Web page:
To that end, it is not surprising to learn that the Walton Foundation is funding a new Florida lobbying organization with members, such as KIPP, a nationally recognized charter management company, and Patty Levesque from Jeb Bush's Foundation and also an education advisor to Governor Scott.
Other players in the scene include Charter USA's CEO Jonathon Hage, who was also on Governor Scott's education transition team. Charter USA will challenge Polk County's decision to reject the application to open charters in that county.
Recently, House Representative Erik Fresen was cleared by the Ethics Commission, which investigated a complaint asserting he failed to disclose a conflict of interest as it pertained to SB7195, a bill making it easier for charters to expand. Supporting the complaint is the fact that Fresen's sister and brother-in-law work for Academia, which operates 12 charters in Florida. The Ethics Commission found that since passage of SB7195 affects all charter schools and not just Academia, no conflict of interest applies. Representative Fresen is a member of several education committees. Read more here.
Then, there is Vice President Joe Biden's youngest brother, Frank Biden, who is president and director of development for Mavericks High School, charter management company. Biden plans to open 100 more charters for at risk and high school drop outs in the next year and a half.
The Mavericks High School charter has an interesting focus and since they already operate 8 schools, I decided to see what information was easily available that would help a parent make an informed decision. I discovered that Mavericks has been operating in Florida since 2007, but I was unable to uncover performance data, retention information, or graduation rates.
How will parents make informed decisions?
This question must be on the minds of many right now. According to one report, Florida parents are showing greater interest in charter schools. The same report provides a questions for parents to consider before making a decision to change from a public school to a charter. Here's that list of questions:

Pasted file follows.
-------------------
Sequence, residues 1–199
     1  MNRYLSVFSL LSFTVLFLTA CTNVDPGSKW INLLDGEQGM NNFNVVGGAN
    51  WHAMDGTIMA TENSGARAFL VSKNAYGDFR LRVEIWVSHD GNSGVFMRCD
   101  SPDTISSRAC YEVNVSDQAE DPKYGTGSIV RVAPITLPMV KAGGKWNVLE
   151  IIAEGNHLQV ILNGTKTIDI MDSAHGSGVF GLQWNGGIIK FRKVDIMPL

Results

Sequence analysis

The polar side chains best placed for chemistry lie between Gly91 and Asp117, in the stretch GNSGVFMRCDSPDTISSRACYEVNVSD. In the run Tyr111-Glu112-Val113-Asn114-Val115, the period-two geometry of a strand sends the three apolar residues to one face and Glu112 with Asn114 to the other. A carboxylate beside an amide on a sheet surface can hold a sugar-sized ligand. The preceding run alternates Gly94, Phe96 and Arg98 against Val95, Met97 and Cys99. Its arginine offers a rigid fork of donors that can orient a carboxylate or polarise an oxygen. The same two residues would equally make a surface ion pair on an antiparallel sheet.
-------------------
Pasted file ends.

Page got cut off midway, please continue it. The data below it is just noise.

Here are some questions to ask when deciding whether a charter is right for your family and, if so, which one.
What is the basis of the charter school's curriculum, and how does it incorporate Florida's common-core requirements?
How is learning evaluated? Do students get report cards or grades? Do they use books or iPads?
How experienced are the teachers, the principal and other administrators?
Does the school offer extracurricular activities such as music, art or sports?
Who sits on the school board, and when does it meet?
Aside from state and federal funding, where does the school get its money: community fundraising, private foundations?
How successful is the school? How long has it been around? Is it financially sound, and how do students perform on state-mandated tests?
Because charter schools typically don't provide transportation, is the location convenient?
Although the list puts school success and track record near the bottom of the list, I think parents would be wise in this environment to move that question up and be prepared to make a personal visit to the charter and a call or two to the school district office to get some answers to that question. Each charter stands on its own, so it is hard to say if Florida-wide performance is even available. There is much to consider and charters are not for everyone.
In short, buyer beware. There is much to consider.